by J. Michael Waller, Ph.D.
American Foreign Policy Council
Strategic nuclear modernization: Russia has more nuclear warheads in 1996 than when Clinton took office. Moscow is channeling its scarce resources into developing new generations of strategic weapons and delivery systems, including intercontinental ballistic missiles (ICBMs), air-launched cruise missiles (ALCMs), submarine-launched ballistic missiles (SLBMs), strategic missile-firing submarines, and a strategic bomber with stealth features. Top Russian military leaders have publicly called for modernization of first-strike weapons systems.
Arms control violations: Moscow is violating nearly all its arms control agreements, including the Biological Weapons Convention, various chemical weapons accords, the Conventional Forces in Europe Treaty, START, the Missile Technology Control Regime, agreements on transparency of fissile material storage and weapons dismantling, and possibly the Anti-Ballistic Missile Treaty.
Espionage: The FBI and British and German counterintelligence report that Russian espionage against the West continues at Cold War levels. Moscow continues to mount what an aide to Senate Intelligence Committee Chairman Arlen Specter calls "arguably the most significant foreign intelligence operation ever mounted in the United States"-the SIGINT facility in Lourdes, Cuba. Over the past eight months, Yeltsin has instructed the GRU and former KGB to step up operations against NATO.
Terrorism: While Clinton praises Moscow for its commitment to fight terrorism, Moscow is renewing its old ties to terrorist Middle Eastern regimes and building new ones. Russian intelligence is training Iranian intelligence officers. Iraqi intelligence continues its surrogate service for the former KGB. Moscow is trying to lift U.N. sanctions against Iraq for the invasion of Kuwait and its refusal to come clean on weapons of mass destruction programs, and works aggressively to lift U.N. sanctions against Libya for the 1988 bombing of an American jumbo jet over Lockerbie, Scotland. Russia is also renewing military relations with Syria.
Nuclear proliferation: Russia's transfer of nuclear technology and training to Iran has been well publicized, as has its transfers to the People's Republic of China.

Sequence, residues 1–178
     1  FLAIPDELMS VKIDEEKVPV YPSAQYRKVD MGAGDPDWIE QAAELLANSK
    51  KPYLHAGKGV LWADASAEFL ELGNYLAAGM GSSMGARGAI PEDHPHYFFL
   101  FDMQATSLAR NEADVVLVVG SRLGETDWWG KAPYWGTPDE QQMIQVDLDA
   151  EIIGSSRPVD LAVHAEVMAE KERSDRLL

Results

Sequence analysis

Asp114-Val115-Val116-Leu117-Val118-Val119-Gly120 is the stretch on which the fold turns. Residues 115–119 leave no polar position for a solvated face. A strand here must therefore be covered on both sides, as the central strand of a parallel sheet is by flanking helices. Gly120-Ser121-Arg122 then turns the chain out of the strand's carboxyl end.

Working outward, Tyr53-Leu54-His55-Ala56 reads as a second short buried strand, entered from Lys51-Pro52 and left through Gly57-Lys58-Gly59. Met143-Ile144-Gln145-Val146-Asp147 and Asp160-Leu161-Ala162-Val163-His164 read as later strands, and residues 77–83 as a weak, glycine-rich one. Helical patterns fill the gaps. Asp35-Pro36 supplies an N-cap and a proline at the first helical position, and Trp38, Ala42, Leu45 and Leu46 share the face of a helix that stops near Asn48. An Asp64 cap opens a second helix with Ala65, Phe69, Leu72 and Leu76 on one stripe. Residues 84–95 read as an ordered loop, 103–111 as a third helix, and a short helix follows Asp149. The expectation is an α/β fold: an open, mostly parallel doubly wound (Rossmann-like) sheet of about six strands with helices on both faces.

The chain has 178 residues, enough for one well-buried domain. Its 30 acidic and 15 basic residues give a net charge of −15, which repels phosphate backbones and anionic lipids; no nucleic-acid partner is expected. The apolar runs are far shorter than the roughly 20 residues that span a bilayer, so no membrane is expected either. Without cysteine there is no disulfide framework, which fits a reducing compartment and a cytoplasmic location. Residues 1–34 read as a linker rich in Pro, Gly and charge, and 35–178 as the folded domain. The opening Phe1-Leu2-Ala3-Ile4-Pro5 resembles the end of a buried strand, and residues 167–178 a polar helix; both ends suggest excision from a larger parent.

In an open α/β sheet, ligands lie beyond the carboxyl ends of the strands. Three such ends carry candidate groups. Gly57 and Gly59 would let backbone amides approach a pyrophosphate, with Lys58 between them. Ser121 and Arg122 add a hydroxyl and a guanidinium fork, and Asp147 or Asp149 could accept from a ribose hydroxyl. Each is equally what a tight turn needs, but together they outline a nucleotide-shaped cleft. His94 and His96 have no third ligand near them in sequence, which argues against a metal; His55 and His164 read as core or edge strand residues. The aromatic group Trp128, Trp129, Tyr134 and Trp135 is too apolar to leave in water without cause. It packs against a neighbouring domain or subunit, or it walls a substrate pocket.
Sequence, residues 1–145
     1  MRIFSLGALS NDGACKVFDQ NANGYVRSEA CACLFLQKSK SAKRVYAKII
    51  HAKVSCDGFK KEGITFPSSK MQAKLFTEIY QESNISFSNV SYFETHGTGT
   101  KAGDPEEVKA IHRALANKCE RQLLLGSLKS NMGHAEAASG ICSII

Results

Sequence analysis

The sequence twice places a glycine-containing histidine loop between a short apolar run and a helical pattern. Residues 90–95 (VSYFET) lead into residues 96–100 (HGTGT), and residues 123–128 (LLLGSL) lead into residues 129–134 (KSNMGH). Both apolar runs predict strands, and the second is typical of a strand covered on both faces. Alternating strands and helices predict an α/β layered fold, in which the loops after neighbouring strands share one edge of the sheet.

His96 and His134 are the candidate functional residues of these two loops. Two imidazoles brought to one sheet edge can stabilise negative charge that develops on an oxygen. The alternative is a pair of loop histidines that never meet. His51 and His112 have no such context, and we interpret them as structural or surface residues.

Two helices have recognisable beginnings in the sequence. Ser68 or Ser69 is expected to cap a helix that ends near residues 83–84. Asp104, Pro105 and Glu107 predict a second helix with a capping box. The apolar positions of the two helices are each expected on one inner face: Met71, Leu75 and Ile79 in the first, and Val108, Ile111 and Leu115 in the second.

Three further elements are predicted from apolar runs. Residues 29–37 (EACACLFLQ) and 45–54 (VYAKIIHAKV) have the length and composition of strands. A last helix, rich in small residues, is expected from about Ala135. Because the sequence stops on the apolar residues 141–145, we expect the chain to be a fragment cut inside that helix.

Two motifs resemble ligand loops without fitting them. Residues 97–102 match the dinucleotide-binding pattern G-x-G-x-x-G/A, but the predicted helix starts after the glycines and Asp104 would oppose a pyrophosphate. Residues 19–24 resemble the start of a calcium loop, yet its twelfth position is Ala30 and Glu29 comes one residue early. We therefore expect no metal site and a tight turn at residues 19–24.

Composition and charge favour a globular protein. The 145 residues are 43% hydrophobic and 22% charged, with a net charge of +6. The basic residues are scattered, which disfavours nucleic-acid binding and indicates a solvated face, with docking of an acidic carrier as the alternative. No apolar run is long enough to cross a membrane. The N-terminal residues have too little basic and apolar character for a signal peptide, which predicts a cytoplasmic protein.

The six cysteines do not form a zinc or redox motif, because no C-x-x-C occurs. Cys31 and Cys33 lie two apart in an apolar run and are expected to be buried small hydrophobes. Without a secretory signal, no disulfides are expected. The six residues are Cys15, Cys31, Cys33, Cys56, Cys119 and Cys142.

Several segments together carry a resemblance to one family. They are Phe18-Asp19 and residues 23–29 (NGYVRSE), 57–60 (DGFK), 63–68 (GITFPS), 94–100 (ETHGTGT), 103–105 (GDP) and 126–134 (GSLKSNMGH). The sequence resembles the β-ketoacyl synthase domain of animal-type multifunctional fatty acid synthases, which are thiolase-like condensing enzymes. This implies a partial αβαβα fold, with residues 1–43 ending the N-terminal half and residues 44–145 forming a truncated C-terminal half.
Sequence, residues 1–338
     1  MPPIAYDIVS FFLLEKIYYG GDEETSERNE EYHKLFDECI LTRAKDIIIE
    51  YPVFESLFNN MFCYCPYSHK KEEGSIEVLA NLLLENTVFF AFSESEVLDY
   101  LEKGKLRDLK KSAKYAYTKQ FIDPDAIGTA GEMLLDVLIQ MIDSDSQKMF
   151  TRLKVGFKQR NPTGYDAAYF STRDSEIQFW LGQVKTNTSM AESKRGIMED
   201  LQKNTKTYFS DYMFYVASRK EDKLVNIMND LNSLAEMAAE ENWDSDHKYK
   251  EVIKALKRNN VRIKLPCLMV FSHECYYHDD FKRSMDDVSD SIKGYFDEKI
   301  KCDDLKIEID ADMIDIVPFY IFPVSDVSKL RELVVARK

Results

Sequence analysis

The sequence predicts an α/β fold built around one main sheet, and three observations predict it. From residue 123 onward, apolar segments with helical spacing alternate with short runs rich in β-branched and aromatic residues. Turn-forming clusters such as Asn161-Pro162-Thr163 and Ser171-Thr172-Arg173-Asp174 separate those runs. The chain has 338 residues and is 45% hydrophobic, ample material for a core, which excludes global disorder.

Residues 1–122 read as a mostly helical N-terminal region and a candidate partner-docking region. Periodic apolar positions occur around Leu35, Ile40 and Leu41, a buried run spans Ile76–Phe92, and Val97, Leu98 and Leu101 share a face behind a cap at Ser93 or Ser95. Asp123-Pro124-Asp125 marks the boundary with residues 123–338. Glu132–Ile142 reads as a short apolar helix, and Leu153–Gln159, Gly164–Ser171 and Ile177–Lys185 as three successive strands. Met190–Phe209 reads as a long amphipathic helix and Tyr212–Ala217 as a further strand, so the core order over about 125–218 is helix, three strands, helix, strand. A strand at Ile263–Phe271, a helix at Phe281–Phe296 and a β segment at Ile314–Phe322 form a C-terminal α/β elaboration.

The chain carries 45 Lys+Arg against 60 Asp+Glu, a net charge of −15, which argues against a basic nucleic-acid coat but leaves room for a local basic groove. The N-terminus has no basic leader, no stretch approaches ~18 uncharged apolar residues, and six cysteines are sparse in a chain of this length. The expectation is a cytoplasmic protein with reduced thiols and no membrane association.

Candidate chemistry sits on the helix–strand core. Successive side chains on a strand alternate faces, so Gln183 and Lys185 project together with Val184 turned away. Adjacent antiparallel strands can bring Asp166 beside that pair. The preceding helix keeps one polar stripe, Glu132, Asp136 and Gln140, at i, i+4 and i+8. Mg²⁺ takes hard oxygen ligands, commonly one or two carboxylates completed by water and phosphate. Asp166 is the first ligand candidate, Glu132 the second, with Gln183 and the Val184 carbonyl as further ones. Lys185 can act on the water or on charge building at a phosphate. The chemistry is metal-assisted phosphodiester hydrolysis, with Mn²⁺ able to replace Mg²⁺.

Military ties to PRC: Moscow's military relations with Peking are warming and include transfer of high-tech weapons, including submarines and technology applicable to strategic modernization.
Organized crime: The Russian government has covered up large-scale money laundering and other criminal operations by top former Communist Party officials. Its secret services have refused to cooperate with parliamentary investigators. Many argue that Russia's largest organized crime problem is the government itself.
NATO expansion: The Clinton administration has allowed Russia to veto NATO expansion, and has remained silent about threats by top Russian officials to take military action against Central and East European countries, particularly Atomic Energy Minister Mikhailov's threat to use nuclear weapons. Meanwhile, the Russian Federation appears to be expanding westward.
Economic entrenchment of nomenklatura and KGB: Privatization has been hijacked by the nomenklatura and former KGB. The Washington Post reported last July: "The commanding heights of the [Russian] economy are now controlled by former Communist Party and KGB officials, who used official connections to amass enormous power and wealth." The Clinton administration considers privatization to be the crown jewel of its Russia reform policy.
Human rights: The State Department reports that human rights conditions are deteriorating in Russia. Religious persecution has begun again. Belarus appears to be a preview of things to come.
Democratization: Very little U.S. assistance has gone to promote democratization in Russia. Pro-Western democratic groups have been undermined. The administration rallied behind Prime Minister Viktor Chernomyrdin when he created his nomenklatura Our Home Is Russia party, a coalition designed specifically to include communists and nationalists and exclude pro-Western democrats.
Cash transfers: U.S.-backed cash transfers to the Russian Central
Bank, in the form of International Monetary Fund loans, have been inversely
proportional to the progress of reform. IMF funding went from $1.1 billion in
1992 to $10.1 billion in 1996. In a letter to Rep. Gerry Solomon on March 22,
1996, Clinton wrote: "the IMF program creates economic incentives for
Russia to act responsibly and furthers this Administration's goal of promoting
an open, democratic, market-oriented Russia."
-written by Dr. J. Michael Waller, American Foreign Policy Council, 1521 16th St. NW, Washington, DC 20036. Archives of other papers by Dr. Waller are available at the American Foreign Policy Council web site at http://www.afpc.org.
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